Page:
Dialing for Dollars: Solving CBDC’s Equality Conundrum

By Karen Petrou

  • CBDC advocates tout its inclusiveness, but the digital divide is a profoundly exclusionary impediment to CBDC access for LMI, disabled, older, and rural households. 
  • Centralized deposit-taking and payments via the Post Office and/or Fed pose challenges to personal privacy and even freedom of expression that, if not averted in initial design, could come to pose significant political and governance risk.  Lack of private competition also presents discrimination risk based on pricing or other terms not subject to outside scrutiny.
  • If CBDC succeeds as some envision it, then lending will come either from the federal government – Big Brother problems of still more concern – or capital-markets sources outside the perimeter of safety-and-soundness and often also consumer-protection regulation and enforcement.
  • A CBDC in which the Fed acts as an open-source utility corrects for many current inclusion, governance, and intermediation obstacles to payment-system speed and efficiency. 
Continue reading “Dialing for Dollars: Solving CBDC’s Equality Conundrum”

Trying to Get By While Black

By Karen Petrou

  • African-Americans were better off before the civil-rights era began than they were in mid-2019.
  • Truly huge disparities lie between white and black Americans in terms of income, wealth, and inter-generational mobility.
  • And that was before COVID eviscerated low-income households of color from both a health and economic point of view.
  • It’s past time for equality-focused financial policy, starting first with Equality Banks.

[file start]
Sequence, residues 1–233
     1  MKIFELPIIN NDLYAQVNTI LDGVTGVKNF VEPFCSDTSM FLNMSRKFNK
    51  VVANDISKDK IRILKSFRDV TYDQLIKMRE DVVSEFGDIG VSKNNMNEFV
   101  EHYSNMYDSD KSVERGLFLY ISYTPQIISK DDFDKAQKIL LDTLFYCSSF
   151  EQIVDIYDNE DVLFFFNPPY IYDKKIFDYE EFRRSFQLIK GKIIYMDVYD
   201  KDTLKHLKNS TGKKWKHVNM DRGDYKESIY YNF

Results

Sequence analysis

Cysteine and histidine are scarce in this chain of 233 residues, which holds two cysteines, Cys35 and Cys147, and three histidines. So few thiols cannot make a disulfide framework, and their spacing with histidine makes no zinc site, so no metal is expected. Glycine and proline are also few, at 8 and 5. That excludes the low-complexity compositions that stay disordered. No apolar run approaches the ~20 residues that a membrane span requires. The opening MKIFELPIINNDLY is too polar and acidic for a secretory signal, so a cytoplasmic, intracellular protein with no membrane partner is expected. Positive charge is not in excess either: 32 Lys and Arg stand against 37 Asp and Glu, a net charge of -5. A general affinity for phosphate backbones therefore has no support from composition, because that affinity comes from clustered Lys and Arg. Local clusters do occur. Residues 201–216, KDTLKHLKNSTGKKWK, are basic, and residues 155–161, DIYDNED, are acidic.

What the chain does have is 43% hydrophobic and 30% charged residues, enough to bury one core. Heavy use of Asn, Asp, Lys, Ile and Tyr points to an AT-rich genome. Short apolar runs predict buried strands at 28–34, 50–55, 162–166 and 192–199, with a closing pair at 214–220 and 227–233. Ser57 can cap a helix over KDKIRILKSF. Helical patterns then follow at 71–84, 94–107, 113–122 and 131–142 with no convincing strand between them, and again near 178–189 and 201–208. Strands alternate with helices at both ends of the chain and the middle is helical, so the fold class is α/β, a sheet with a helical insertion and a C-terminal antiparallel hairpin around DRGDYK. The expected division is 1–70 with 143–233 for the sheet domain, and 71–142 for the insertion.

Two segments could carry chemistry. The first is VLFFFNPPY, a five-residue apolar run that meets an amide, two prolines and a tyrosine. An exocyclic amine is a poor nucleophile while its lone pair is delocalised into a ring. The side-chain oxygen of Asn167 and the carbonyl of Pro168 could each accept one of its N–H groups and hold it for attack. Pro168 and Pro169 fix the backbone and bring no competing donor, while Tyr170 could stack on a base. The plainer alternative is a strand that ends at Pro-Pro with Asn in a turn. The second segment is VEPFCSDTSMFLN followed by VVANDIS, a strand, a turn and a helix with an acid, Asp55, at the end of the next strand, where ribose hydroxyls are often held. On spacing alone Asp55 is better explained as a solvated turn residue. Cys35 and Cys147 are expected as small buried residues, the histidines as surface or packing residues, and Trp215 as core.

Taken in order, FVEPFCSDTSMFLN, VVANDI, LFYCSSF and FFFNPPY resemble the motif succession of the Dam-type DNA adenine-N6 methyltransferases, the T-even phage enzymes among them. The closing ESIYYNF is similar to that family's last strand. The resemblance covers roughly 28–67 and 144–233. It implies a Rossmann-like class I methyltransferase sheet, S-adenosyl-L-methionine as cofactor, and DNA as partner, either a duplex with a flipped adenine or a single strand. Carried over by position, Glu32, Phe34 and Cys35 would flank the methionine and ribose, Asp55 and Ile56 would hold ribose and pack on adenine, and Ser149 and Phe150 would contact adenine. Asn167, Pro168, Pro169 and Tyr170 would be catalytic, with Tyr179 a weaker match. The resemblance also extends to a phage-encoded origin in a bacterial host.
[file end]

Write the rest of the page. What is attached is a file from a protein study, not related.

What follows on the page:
Continue reading “Trying to Get By While Black”

Inequality Rising

By Karen Petrou

As the COVID crisis continues, some have speculated that wealth inequality will drop because it did in the 1400s during the Black Death.  However, this cure is not only of course considerably worse than the disease, but it’s also no cure.  Economic inequality is a cumulative process – the worse off you are, the worse off you get unless something positive reverses this compound effect.  Conversely, the better off, the still more comfortable unless something comes along to redistribute your gains, however well or ill gotten.  Given how unequal the U.S. was before COVID, it will surely get only more so now, especially if the Fed stays the course with trillions for financial markets and pennies for everyone else. Continue reading “Inequality Rising”

Wheelies on the Yield Curve:  Inequality, Disintermediation and the Hazards of New QE

By Karen Petrou

Starting with our very first EconomicEquality blog post, we demonstrated the direct link between quantitative easing (QE) and the sharp rise in U.S. wealth inequality that differentiates this recovery from all that came before.  QE exacerbates inequality because, combined with post-crisis rules and ultra-low rates, it creates a market dynamic in which banks hold huge excess-reserve balances instead of making equality-essential loans and markets relentlessly chase yield, increasing equity valuations and driving credit to borrowers such as highly-leveraged companies.  In 2019, the Fed bulked up its portfolio in what is now known as QE-lite in hopes of rescuing the repo market, reinvigorating sputtering equity markets no matter the Fed’s ongoing insistence that this round of portfolio increases isn’t QE. Continue reading “Wheelies on the Yield Curve:  Inequality, Disintermediation and the Hazards of New QE”

American Millennials: The Generation the Recovery Left Behind

By Karen Petrou

In our last blog post, we chronicled the continuing demise of the American middle class.  Now, we turn to the equality disaster evident in the most recent U.S. demographics.  A new General Accountability Office (GAO) study confirms that millennials (those aged 18-37) are rapidly losing any chance of doing better than their parents and trends are extraordinarily inauspicious for NextGen followers.  Inter-generational economic mobility was once as much a hallmark of America as its robust middle class – in 1970, 92 percent of 30-year-olds made more money in inflation-adjusted terms than their parents did at similar ages even though the 1970 economy was considerably weaker than the prewar boom.  Now, millennials are far, far behind their parents.  Looking at wealth share,* baby-boomers owned 21 percent of U.S. net wealth when they turned 35 (1990 on average). Continue reading “American Millennials: The Generation the Recovery Left Behind”